The legislature eliminated the use of gendered pronouns in the Family Code (AB 1817 (Stats 2019, chap 115)) and made widespread changes in terminology in the Uniform Parentage Act (UPA) (Fam C §§7600–7730) to reflect gender neutrality. See AB 2684 (Stats 2018, ch 876); AB 1403 (Stats 2013, ch 510). Specifically, the legislature stated that the provisions of the UPA should be interpreted to provide equal treatment to same-sex parents, transgender parents, and their children. Stats 2018, ch 876, §1(c). See also, e.g., Fam C §7650 (insofar as practicable, provisions of Division 12 of Family Code (Fam C §§7500–7962) apply to determine existence or nonexistence of mother-child relationship). At the same time, the legislature noted that it is not the legislature’s intent to abrogate case law interpreting the laws amended in this Act that is consistent with the purposes of the Act, unless it is inconsistent with specific statutory language. Stats 2018, ch 876, §1(c). Although Welf & I C §316.2 still refers to “fathers” and “paternity” and Welf & I C §361.5(a) requires that services be offered to the “mother” and the “presumed father,” these provisions should be read as requiring the court to determine parentage of any person who may qualify as the child’s parent under the UPA and as authorizing services to persons of either gender who qualify as presumed parents. See §§11.34, 12.28.
In C.A. v C.P. (2018) 29 CA5th 27, the appellate court granted the biological father’s petition seeking legal confirmation of his paternal rights to the child born to a married woman, creating a three-parent family. See §§3.23, 11.34.
Child’s Fourth Amendment rights
In Mann v City of San Diego (9th Cir 2018) 907 F3d 1154, 1160, the Ninth Circuit held that a county’s practice of subjecting children to intrusive medical exams without the parents’ consent or court order violated the parents’ Fourteenth Amendment substantive due process rights and the children’s Fourth Amendment right to be secure from unreasonable searches and seizures. See §2.23. See also §14.29.
In Capp v County of San Diego (9th Cir, Oct. 4, 2019, No. 18–55119) 2019 US App Lexis 29928, the Ninth Circuit court held that there is no binding authority establishing that a social worker’s in-school interview violates the child’s Fourth Amendment rights because the Supreme Court’s vacatur in Greene II was to prevent Greene I from spawning any legal consequences. See also Salvi v City of San Diego (SD Cal, Apr. 17, 2019, No. 18cv1936 DMS (MDD)) 2019 US Dist Lexis 65826, *14 (granting defendants’ motion to dismiss on claims alleging Fourth Amendment violations involving interview of child at school and medical examinations performed without parental consent). See §11.32.
Representing children and parents
For a helpful resource, see Dependency Quick Guide, A Dogbook for Attorneys Representing Children and Parents (3d ed 2017), published by the Judicial Council of California, Operations and Programs Division, Center for Families, Children and the Courts. The Guide is intended to be used as a reference manual for attorneys representing parents and children in juvenile dependency proceedings. The Guide is sometimes colloquially referred to as “CALDOG” and available at https://www.courts.ca.gov/documents/dogbook.pdf. See §§10.19, 11.1, 12.1, 13.3.
Resource family approval (RFA) process
The resource family approval (RFA) process includes (Welf & I C §16519.5(d)(2)–(3)) (1) a home environment assessment and (2) a permanency assessment. As part of the permanency assessment, the social worker must perform a family evaluation, which must include the results of a risk assessment. Previously, a “psychosocial assessment of an applicant” was required.” Welf & I C §16519.5(d)(3). See §5.37A.
The permanency assessment and, effective January 1, 2019, also the written report described in Welf & I C §1§16519.5(g)(5), must be completed within 90 days of the child’s placement in the home, unless good cause exists based on the needs of the child. Welf & I C §16519.5(e)(1)(A). See §5.37A.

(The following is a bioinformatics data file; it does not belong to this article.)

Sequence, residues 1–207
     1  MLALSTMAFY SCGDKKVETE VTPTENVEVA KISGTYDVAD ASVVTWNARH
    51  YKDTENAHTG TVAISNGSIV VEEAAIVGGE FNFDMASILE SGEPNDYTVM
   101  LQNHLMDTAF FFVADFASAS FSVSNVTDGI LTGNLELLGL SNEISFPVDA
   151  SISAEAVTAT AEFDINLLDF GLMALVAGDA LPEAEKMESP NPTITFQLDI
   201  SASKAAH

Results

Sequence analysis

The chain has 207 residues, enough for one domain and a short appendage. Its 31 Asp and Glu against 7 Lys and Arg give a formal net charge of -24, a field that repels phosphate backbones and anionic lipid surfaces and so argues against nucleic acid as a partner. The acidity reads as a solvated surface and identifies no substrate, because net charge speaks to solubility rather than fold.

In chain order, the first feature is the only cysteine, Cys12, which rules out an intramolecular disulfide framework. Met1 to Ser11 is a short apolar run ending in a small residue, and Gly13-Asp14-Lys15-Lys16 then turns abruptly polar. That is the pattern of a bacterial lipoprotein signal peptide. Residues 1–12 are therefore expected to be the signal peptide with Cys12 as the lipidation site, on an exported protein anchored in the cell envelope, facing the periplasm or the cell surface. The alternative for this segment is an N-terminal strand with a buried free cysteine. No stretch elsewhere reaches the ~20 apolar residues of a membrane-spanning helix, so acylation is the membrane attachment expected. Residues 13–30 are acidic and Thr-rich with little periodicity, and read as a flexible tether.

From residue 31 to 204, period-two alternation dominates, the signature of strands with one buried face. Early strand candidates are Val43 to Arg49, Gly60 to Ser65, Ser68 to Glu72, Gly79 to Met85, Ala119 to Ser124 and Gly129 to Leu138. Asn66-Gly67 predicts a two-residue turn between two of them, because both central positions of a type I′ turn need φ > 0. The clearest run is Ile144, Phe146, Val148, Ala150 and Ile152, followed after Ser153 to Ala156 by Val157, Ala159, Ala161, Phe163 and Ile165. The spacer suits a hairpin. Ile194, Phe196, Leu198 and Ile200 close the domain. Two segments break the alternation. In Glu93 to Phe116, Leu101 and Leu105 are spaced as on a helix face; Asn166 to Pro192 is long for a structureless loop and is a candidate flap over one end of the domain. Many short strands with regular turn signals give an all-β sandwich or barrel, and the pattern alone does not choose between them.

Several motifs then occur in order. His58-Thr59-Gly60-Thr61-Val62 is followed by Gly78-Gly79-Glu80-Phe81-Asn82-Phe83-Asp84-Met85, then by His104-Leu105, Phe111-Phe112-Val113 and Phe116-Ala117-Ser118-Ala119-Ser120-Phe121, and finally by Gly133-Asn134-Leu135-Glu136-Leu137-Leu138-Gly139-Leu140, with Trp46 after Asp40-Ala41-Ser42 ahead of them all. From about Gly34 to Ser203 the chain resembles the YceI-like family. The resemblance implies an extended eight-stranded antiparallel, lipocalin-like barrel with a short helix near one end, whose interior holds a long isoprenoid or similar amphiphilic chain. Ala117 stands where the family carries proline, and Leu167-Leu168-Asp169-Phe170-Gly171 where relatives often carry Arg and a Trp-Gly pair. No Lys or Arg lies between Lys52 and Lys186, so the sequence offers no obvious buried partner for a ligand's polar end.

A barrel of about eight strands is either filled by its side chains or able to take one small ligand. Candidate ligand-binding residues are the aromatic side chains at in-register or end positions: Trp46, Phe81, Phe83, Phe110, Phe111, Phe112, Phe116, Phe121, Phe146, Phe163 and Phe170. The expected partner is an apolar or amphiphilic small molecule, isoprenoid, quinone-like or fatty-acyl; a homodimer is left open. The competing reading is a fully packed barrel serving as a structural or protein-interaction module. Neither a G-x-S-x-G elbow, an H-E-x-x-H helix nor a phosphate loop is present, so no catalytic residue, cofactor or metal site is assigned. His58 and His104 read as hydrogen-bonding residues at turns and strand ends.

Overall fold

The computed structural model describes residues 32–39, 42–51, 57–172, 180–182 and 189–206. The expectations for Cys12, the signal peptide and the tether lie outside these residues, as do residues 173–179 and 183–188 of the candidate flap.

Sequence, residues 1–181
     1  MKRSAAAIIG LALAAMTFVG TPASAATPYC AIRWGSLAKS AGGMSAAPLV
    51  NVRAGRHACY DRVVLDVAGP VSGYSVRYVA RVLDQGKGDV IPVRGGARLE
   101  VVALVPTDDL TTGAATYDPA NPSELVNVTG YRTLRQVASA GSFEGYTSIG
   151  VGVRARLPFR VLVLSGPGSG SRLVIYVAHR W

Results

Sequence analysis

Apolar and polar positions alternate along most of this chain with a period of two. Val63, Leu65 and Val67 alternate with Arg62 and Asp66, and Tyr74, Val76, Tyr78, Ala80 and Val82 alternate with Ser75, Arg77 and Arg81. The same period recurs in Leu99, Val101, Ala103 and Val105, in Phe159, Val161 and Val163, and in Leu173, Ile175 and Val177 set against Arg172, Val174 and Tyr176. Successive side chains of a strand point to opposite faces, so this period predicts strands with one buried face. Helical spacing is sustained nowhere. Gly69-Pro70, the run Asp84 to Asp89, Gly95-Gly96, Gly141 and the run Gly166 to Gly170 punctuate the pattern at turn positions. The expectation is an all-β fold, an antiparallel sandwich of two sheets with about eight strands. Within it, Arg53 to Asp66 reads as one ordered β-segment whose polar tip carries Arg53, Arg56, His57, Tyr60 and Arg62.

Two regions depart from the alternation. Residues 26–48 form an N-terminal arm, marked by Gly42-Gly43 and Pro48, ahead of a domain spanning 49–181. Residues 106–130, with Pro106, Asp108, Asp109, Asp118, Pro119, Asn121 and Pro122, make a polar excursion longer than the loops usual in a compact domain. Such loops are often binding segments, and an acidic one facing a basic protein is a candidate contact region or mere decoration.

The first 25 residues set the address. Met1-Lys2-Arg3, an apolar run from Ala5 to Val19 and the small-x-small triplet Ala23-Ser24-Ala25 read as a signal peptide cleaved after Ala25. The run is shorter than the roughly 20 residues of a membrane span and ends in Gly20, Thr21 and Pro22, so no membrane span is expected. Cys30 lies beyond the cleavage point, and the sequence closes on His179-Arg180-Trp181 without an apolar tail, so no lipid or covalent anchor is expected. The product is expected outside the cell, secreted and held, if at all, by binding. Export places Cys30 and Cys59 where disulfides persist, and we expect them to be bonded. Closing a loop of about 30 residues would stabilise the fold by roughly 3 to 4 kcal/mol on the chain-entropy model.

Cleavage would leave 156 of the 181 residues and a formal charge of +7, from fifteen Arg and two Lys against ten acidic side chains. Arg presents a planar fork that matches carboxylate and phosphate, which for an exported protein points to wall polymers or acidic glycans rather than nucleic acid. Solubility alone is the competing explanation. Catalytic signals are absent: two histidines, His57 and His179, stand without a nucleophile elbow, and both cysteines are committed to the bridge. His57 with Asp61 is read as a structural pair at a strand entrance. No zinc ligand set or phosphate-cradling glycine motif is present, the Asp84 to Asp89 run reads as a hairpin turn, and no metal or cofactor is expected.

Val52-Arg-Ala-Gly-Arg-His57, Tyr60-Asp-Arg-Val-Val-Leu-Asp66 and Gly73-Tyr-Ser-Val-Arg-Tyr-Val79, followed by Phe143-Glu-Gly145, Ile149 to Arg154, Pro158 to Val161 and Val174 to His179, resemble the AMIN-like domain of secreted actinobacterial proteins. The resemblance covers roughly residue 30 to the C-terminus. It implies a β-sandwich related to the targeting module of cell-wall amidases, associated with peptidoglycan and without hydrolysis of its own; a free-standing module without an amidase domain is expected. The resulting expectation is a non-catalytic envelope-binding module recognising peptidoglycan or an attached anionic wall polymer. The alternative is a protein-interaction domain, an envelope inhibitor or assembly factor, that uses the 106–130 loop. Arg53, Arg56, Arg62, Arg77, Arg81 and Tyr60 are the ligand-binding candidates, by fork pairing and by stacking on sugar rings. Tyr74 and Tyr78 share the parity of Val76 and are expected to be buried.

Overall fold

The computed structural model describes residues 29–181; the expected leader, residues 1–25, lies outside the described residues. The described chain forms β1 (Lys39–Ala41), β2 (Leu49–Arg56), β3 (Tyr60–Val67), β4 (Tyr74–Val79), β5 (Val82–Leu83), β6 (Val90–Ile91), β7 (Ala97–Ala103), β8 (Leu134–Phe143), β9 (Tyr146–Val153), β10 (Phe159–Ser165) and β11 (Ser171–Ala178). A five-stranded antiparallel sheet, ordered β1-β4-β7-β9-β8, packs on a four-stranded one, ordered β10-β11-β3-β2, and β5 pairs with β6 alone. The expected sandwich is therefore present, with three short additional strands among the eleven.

The 90-day time limit for the permanency assessment and the written report also applies when a child is placed on an emergency basis with a family who has successfully completed the home environment assessment. In emergency cases, the permanency assessment must be completed within 90 days of the application to become a resource family, unless good cause exists based on the needs of the child. Welf & I C §16519.5(d)(4)(A), (e)(2). Subsections (d)(4)(A) and (e)(2) were added by the legislature in 2018. See §5.37A.
ICWA held constitutional by Fifth Circuit. In October 2018, a district court in Texas declared the 40-year old Indian Child Welfare Act of 1978 (ICWA) (25 USC §§1901–1963) unconstitutional. Brackeen v Zinke (ND Tex, Oct. 4, 2018, Case 4:17-CV-00868) 2018 US Dist Lexis173115. First, the court held that ICWA’s mandatory placement preferences violate the equal protection clause, which requires all people to be treated equally under the law. Second, the court found that the Act violates the Tenth Amendment prohibition on federal overreach on a state’s right to address and process child dependency proceedings heard in state courts (ICWA provision requiring states to apply federal standards to state-created claims commandeered the states in violation of the Tenth Amendment). Several tribes intervened in the case and the federal government appealed the decision to the Fifth Circuit, which found the ICWA and the Bureau of Indian Affairs (BIA) ICWA regulations constitutional in August 2019. Brackeen v Bernhardt (5th Cir, Aug. 9, 2019, No. 18-11479) 2019 US App Lexis 23839. The decision could still be appealed, this time to the United States Supreme Court. See §9.1.
Tribally approved home. New subsection (r) of Welf & I C §224.1 adds the definition of “tribally approved home.” Stats 2019, ch 27, §17. Tribally approved homes do not have to go through the county’s approval process, but background checks as required by Health & S C §§1522 and 1522.1 for foster care or adoptive placement do apply to tribally approved homes. See §9.2.
Welfare and Institutions Code 391, relating to the termination of jurisdiction over nonminors, has been repealed and recast with new and more extensive duties for the county welfare departments, starting at an earlier age of the dependent child. Stats 2019, ch 438. The social worker’s duty to provide reports under Welf & I C §391 that the requisite information, documents, and services are being provided begins with the first regularly scheduled review hearing after the child has attained age 16 and continues through every regular scheduled review hearing after the child attains age 18 until the jurisdiction terminates. Welf & I C §391(a)–(c), (h). See §§6.15A, 12.33, 14.92A.